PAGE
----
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Reassess the law and ethics of heritable genome editing interventions: lessons for China and the world

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journal contribution
posted on 2023-06-12, 09:17 authored by Qingxiu BuQingxiu Bu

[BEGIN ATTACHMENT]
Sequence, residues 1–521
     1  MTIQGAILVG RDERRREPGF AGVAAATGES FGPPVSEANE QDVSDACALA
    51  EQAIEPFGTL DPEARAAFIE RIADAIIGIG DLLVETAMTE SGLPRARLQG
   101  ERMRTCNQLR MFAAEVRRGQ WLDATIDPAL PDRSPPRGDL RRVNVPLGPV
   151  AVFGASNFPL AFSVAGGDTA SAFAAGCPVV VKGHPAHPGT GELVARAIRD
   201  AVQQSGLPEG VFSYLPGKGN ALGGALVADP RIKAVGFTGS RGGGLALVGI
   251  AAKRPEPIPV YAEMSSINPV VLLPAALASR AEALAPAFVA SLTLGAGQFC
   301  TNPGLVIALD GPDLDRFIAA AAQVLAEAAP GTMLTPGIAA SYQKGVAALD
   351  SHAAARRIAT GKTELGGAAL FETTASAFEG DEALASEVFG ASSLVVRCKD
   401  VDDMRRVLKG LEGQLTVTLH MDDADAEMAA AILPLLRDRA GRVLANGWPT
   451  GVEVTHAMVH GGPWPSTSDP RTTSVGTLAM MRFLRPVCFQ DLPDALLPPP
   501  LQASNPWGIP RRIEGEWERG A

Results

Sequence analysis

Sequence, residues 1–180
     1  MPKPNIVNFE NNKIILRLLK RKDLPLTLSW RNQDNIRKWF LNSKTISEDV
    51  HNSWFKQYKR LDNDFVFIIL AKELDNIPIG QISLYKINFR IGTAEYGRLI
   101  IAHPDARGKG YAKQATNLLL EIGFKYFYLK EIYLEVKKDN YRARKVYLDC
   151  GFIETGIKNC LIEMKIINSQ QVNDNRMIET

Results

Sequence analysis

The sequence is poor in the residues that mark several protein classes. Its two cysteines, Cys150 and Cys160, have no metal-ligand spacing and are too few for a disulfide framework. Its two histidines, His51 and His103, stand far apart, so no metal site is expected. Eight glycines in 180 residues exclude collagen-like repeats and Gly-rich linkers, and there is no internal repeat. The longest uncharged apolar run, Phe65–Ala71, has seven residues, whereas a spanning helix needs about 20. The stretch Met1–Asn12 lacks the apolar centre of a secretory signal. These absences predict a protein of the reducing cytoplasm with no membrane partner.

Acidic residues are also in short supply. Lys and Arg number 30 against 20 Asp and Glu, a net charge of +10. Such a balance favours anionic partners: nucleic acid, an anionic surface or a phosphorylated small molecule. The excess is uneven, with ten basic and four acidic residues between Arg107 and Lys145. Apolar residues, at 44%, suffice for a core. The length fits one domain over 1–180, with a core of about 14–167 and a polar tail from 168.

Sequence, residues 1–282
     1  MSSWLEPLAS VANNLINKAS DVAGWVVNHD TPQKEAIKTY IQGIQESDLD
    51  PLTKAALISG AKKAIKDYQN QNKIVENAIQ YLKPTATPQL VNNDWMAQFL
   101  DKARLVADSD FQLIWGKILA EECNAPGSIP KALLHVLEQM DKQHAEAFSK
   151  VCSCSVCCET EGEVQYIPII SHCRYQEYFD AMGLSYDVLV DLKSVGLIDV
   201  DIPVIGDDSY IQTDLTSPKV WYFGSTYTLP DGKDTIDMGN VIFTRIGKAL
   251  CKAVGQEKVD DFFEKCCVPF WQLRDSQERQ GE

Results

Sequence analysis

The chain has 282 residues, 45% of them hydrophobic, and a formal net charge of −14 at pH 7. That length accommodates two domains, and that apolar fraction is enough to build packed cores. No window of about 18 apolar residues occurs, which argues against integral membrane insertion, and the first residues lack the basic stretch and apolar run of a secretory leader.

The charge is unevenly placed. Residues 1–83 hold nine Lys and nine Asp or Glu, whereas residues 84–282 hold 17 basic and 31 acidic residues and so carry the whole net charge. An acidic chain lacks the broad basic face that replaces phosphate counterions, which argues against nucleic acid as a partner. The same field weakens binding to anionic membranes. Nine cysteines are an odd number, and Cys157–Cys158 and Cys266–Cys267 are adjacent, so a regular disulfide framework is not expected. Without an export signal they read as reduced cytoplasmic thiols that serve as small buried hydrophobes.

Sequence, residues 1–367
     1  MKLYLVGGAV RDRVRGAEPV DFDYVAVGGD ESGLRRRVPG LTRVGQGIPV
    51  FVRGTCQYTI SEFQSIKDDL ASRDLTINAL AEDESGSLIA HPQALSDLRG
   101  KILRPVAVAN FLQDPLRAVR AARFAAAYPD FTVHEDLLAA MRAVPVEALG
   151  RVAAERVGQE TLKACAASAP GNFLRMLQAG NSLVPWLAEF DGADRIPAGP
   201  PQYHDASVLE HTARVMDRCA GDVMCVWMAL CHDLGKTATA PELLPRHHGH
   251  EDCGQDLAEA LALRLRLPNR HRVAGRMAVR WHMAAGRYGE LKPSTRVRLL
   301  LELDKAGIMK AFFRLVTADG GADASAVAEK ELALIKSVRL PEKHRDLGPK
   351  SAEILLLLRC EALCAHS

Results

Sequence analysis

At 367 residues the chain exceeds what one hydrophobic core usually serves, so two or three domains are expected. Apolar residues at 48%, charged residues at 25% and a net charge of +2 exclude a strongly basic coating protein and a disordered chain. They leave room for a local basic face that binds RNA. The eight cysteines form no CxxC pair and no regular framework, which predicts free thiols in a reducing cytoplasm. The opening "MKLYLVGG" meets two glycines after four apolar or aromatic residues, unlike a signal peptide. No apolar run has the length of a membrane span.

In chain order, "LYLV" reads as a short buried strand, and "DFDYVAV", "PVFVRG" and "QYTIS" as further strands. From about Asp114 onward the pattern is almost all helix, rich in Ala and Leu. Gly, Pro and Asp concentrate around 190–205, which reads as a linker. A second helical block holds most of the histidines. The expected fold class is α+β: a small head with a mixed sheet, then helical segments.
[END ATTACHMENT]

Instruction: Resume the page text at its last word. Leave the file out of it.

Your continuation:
The current ethical and legal standards for human subjects research cannot adequately address human gene editing technologies, since scientific advancements in this field have outpaced regulatory policy. The Clustered Regularly Interspaced Short Palindromic Repeats (CRISPR) allows the rewriting of life’s code that is fraught with scientific and ethical quandaries. In particular, the genetic alteration of human embryos in vitro in China has caused worldwide repercussions. It is hard to predict the long-term effects of proposed edits, which raises an inquiry about whether it is appropriate for humans to purposely alter any aspect of their genetic future. Genome editing is moving too quickly for processes of critical reflection, such as law and regulation, to keep pace. The ethical, legal and social implications of the use of these technologies in humans remain uncertain. The resultant tension with existing framework that calls into question the underlying values on which moral and legal norms repose. This study explores the significant implications for law, ethics, regulation and health policy. To balance potential benefits against the risk of unintended harms will shape perspectives on whether and how to use these technologies. Responsible engagement with decision makers and stakeholders, among other things, will promote transparency, confer legitimacy, and improve policy making.


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